In Bollywood films, while passing a death sentence a judge would say — Ye Adalat Dafaa 302 ke tahat, taaziraat-e-Hind muzrim xyz ko Sazaaye maut sunaiyee jaati Hai… to be hung by the neck until death — and the judge subsequently breaks the nib of his pen. Indian judges have been following the custom of breaking the nib of their pens after awarding a death sentence to a convict since British Raj.
The first question that pops up in our mind is that why did this tradition even exist in the first place? And why is it continued since then? Here are the reasons why this practice continues in our courtrooms even today:
1. The practice is symbolic of the belief that a pen which is used to take away a person’s life should not be used ever again for other purposes. In other words, the pen has ‘tasted blood’, and thus it needs to be broken so that it doesn’t take another life.
2. Also, after the judge passes the death sentence, he has no power to review or revoke his order. So once the sentence has been awarded and the judge’s signature inked, the nib is also broken, symbolic of the fact that the judge cannot cancel or rewrite the judgement if he/she has a change of heart or mind.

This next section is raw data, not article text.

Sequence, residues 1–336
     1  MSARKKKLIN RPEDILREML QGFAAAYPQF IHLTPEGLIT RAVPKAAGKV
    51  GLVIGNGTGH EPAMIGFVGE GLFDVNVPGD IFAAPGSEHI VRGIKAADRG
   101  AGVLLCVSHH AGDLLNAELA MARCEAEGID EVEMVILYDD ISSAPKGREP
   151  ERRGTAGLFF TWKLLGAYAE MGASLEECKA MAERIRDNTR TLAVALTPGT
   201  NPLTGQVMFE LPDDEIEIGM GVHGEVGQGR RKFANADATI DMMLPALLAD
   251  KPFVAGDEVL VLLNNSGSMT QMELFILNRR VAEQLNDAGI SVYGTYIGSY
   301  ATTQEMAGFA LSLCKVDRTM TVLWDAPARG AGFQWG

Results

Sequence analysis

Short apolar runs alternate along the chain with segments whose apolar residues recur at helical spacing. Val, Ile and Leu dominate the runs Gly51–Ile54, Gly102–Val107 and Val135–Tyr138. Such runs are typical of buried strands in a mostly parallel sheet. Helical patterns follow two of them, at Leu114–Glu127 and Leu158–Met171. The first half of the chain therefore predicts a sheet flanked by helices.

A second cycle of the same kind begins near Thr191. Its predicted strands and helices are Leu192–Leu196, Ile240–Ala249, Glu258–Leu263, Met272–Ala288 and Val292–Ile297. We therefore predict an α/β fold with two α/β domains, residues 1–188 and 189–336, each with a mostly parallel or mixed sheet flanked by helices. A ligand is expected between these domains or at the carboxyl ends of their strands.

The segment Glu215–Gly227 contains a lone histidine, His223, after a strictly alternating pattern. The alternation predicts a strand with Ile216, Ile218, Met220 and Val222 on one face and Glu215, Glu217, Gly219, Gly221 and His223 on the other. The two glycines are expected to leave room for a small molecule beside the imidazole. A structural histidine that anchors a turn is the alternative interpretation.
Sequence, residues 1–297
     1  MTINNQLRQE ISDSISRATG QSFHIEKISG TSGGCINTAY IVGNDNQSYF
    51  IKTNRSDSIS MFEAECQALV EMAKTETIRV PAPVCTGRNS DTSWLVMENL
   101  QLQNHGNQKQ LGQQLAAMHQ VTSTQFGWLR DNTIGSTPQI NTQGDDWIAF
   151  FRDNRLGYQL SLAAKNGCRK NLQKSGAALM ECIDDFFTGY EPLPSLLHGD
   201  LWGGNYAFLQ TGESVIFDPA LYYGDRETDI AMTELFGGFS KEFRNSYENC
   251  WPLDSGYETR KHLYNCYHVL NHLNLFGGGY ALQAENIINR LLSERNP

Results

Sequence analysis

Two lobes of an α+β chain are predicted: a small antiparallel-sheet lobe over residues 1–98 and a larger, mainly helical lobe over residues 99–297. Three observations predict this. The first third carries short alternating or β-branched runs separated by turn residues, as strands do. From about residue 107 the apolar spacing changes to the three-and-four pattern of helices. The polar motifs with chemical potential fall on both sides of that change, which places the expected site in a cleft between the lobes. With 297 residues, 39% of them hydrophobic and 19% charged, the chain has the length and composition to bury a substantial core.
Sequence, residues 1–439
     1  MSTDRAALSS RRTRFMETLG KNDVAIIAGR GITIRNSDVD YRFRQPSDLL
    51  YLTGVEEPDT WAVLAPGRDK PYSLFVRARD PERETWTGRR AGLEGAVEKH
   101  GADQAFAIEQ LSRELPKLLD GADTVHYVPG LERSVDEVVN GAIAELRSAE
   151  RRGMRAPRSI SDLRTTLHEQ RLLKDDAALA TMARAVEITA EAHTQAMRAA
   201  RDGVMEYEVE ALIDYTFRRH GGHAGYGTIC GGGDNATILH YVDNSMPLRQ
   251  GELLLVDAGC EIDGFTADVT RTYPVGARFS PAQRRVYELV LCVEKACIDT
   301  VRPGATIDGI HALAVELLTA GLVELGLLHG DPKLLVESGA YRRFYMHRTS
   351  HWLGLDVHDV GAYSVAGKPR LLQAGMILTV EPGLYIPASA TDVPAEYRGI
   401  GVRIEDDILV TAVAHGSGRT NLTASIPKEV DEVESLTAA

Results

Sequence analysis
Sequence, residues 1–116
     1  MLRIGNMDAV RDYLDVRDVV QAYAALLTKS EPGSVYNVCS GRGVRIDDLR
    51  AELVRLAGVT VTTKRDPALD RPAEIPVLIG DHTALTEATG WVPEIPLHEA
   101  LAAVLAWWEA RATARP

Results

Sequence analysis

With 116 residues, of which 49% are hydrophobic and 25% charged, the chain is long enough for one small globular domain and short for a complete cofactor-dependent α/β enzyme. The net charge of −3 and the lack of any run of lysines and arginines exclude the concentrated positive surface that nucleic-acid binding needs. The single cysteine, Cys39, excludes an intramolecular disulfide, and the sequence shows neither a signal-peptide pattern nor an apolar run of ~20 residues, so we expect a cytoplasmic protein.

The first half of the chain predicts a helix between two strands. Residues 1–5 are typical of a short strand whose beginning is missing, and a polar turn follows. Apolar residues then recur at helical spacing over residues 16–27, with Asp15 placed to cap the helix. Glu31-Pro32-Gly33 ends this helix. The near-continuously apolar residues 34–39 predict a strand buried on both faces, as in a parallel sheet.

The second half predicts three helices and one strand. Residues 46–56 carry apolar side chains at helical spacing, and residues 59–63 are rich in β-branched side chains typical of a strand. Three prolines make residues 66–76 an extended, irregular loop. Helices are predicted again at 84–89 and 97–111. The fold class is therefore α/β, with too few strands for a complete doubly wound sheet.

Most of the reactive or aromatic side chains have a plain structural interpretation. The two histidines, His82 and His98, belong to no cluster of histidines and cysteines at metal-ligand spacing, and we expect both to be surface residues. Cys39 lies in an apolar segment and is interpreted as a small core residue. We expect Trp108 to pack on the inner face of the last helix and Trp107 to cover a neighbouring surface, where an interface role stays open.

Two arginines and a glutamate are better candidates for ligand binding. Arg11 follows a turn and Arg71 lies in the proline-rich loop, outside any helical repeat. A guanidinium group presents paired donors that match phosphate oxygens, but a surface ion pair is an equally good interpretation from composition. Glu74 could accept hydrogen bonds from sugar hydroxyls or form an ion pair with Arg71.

3. Some are also of the belief that judges simply do away with the ‘tainted’ pen (having ordered the death of a person) as a way of distancing himself/herself from the judgement and the guilt of the same.
Over the world, 56 countries still retain the practice of capital punishment and 103 countries have abolished the practice de jure for all crimes, while 6 have abolished it for ordinary crimes.
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